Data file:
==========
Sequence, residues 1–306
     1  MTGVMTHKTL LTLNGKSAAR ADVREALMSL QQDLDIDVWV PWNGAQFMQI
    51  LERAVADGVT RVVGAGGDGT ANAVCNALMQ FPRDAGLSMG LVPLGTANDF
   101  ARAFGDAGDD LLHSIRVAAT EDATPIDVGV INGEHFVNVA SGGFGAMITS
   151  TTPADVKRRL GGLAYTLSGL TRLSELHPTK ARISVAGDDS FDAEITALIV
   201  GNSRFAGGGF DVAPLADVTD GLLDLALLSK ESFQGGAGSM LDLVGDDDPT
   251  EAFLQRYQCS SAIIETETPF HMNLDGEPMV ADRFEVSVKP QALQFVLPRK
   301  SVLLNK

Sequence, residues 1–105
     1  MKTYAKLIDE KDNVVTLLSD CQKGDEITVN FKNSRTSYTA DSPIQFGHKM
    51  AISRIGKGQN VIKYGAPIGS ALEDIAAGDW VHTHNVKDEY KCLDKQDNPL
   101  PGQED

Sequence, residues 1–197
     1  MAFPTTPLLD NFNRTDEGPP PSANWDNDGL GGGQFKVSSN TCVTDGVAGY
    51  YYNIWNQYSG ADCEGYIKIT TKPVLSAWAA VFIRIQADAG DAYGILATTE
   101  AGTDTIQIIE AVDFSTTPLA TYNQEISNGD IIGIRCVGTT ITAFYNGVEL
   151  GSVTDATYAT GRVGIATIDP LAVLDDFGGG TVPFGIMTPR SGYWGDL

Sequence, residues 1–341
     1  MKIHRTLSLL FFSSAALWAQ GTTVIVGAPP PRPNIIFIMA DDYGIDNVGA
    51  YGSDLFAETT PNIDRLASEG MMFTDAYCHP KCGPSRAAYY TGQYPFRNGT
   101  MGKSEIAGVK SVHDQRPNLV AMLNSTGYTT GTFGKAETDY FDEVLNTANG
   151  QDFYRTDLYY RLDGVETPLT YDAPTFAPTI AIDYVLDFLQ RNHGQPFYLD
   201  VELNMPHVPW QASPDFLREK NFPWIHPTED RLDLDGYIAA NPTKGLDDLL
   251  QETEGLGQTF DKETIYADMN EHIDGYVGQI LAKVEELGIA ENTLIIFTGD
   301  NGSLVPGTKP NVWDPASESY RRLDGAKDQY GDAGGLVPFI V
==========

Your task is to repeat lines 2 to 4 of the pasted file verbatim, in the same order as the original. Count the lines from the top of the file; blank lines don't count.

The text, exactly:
     1  MTGVMTHKTL LTLNGKSAAR ADVREALMSL QQDLDIDVWV PWNGAQFMQI
    51  LERAVADGVT RVVGAGGDGT ANAVCNALMQ FPRDAGLSMG LVPLGTANDF
   101  ARAFGDAGDD LLHSIRVAAT EDATPIDVGV INGEHFVNVA SGGFGAMITS